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Q&A: Nutrition & Public Health


“We could change our policies so that junk food becomes expensive and healthier food is cheaper.” - Dr. Marion Taylor Baer

DR. MARION TAYLOR BAER’S professional focus has evolved in the nearly 50 years since she graduated from the Fielding School with an MS in nutrition science. An adjunct associate professor in FSPH’s Department of Community Health Sciences, Taylor Baer has long been interested in issues of maternal and child health, especially regarding the nutritional status of children with developmental disabilities and access to preventive care for children with special needs. This interest soon broadened to include U.S. food and nutrition policies and their impact on public health.

Not long after being recognized at the 2016 American Public Health Association annual meeting with the Catherine Cowell Award for her achievements in leadership, planning, administration and mentoring in public health nutrition, Taylor Baer spoke with FSPH’s Public Health Magazine.

Q: What should public health’s message be when it comes to a healthy diet?

A: [Author] Michael Pollan sums it up in seven words: “Eat food, not too much, mostly plants.” That’s really what it boils down to even though it’s not very “sexy,” and the food industry does its best to take advantage of the fact that we don’t have any regulatory definition of what is “natural,” although “organic” and “non- GMO” labels are USDA approved. And so, nutritionists tell people to stay out of the central aisles in the supermarket as much as possible, and to read the labels.

Q: Despite what we know, the majority of adults in the U.S. are overweight or obese, with the highest rates among low-income populations. From a public health standpoint, where are we falling short?


A: There are many contributing factors, but the problem has a lot do with our food policies. If you are hungry and poor you tend to eat junk food, because it’s cheap. Why is it cheap? Through the Agricultural Act passed in Congress every few years, better known as the Farm Bill, our government subsidizes corn and soybean crops — which are used to produce cheap sweeteners and oil — but fruits and vegetables, which could otherwise be less expensive, get very little support in spite of the fact that we tell people to eat more of them. Clearly, our agricultural policies don’t sync with our health policies, in part because nutrition policies and funding for food and nutrition programs are determined by the USDA and not the U.S. Department of Health and Human Services, and in part because we have very powerful people in Congress from the farm states.

Q: When did you become interested in nutrition policy?

A: My master’s program was very bench-science oriented. Then I worked for a long time in an interdisciplinary training program funded by the federal Maternal and Child Health Bureau, focusing on kids with special needs and their families, where it was clear that nutrition was extremely important. But my early clinical focus began to change as I saw families in the context of their communities and became aware of health and nutrition policies that could make a difference in their lives. Surely nutrition education is important, but most people have a pretty good idea of what food is good and what isn’t. On the other hand, we could change our policies so that junk food becomes expensive and healthier food is cheaper. Look at smoking — education went only so far, then we started taxing tobacco and banning smoking in public places, and that’s had a bigger impact. Social norms also played a major role, and it’s encouraging to see the growing public interest in “whole foods.”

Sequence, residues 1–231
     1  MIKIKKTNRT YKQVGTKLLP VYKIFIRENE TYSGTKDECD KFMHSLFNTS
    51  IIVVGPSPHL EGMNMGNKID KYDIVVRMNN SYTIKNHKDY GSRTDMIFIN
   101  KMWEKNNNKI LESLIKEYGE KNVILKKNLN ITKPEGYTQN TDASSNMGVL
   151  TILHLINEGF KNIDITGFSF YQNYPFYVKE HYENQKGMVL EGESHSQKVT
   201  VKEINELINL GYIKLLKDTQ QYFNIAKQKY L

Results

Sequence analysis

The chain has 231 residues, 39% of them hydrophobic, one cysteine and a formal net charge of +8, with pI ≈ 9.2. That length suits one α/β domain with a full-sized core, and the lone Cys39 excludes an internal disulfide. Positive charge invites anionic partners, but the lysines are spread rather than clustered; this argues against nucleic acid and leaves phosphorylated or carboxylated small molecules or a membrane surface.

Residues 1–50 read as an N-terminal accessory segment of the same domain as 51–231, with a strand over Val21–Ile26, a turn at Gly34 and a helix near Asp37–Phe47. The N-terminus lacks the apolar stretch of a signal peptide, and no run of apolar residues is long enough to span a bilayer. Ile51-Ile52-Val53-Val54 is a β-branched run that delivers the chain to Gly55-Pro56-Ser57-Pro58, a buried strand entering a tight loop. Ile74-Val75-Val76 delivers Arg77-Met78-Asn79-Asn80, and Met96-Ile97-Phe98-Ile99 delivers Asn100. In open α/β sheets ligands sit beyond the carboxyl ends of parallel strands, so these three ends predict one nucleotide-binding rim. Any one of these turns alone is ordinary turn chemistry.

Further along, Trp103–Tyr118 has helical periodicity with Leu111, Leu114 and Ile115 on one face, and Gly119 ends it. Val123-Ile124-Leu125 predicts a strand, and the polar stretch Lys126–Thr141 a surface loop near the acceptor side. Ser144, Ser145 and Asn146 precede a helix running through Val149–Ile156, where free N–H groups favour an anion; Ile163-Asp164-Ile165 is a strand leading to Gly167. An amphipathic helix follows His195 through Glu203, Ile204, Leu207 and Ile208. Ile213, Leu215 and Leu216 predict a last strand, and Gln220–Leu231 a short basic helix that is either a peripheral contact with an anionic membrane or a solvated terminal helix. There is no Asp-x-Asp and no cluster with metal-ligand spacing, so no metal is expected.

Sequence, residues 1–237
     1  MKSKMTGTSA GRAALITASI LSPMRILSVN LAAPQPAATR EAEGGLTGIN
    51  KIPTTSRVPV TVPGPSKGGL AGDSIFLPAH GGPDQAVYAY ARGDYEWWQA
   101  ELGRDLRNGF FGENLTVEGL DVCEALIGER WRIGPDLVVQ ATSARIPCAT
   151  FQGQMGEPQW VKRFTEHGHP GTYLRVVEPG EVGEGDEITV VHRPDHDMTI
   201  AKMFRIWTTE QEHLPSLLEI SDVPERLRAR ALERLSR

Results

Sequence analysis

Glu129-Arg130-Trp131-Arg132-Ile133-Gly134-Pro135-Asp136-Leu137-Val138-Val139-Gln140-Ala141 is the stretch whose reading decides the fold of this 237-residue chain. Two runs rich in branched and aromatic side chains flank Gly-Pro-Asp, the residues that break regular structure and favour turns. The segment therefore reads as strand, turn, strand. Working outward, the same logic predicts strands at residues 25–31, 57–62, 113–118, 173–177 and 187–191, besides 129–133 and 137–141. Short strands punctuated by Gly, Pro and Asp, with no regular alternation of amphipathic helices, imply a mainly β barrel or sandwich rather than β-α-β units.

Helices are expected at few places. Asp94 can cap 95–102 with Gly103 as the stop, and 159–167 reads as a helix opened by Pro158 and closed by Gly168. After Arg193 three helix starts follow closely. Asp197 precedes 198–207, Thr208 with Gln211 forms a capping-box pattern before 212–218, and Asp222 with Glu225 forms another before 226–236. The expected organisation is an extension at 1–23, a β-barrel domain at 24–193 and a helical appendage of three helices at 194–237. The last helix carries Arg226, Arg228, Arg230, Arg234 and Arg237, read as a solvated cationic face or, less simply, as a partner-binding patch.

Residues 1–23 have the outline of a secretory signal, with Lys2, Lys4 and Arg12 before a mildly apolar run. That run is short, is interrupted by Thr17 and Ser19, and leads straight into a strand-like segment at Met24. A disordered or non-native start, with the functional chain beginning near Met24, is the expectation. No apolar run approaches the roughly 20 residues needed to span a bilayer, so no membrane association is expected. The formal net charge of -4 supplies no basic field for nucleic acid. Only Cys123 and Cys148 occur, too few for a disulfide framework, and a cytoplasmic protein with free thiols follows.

Q: Where have our policies improved, and what would your priorities be?

A: The WIC [Special Supplemental Nutrition Program for Women, Infants, and Children] food package was changed in 2009 to be more healthful, which is very positive since WIC covers many of our most vulnerable people, nearly 49 million per month in 2015. The change not only emphasized fruits and vegetables, but also included sources of protein such as tofu and other culturally appropriate healthy foods. The school food programs have made strides in the meals that are being provided. In terms of where we need to go, with the Supplemental Nutrition Assistance Program, which used to be known as food stamps, there is still a debate about whether recipients should be allowed to use that benefit to buy junk food. Taxing foods with high amounts of sugar and/or unhealthy fat could have a positive impact. But we also have to think more broadly. How can you buy healthy food if you’re poor? We have to tackle the problem of poverty, as well as making healthy food affordable and accessible by reprioritizing the Farm Bill expenditures. And we need a health care system in which the incentive is to keep people healthy through preventive measures, which include emphasizing nutrition.

Q: Where do you see the field of nutrition headed?

A: There are two exciting emerging areas of research. First, in the field of epigenetics, animal studies have shown that diet can alter phenotypes by providing nutrients that can turn genes “on and off,” which has amazing future implications. The emerging research on the microbiota — the trillions of microbial cells in the gut of every person — and its relationship to food and metabolism is another important area. We’re discovering that not only do these gut bugs influence the brain, but they can also produce certain nutrients, such as vitamin B12, which can be important to vegans. What comes from these research directions is likely to influence the thinking about what makes an optimal diet at different points during one’s life. Ultimately, in addition to the growing knowledge we have about nutrition science, in the near future more personalized diets may be prescribed to prevent disease and promote optimal health.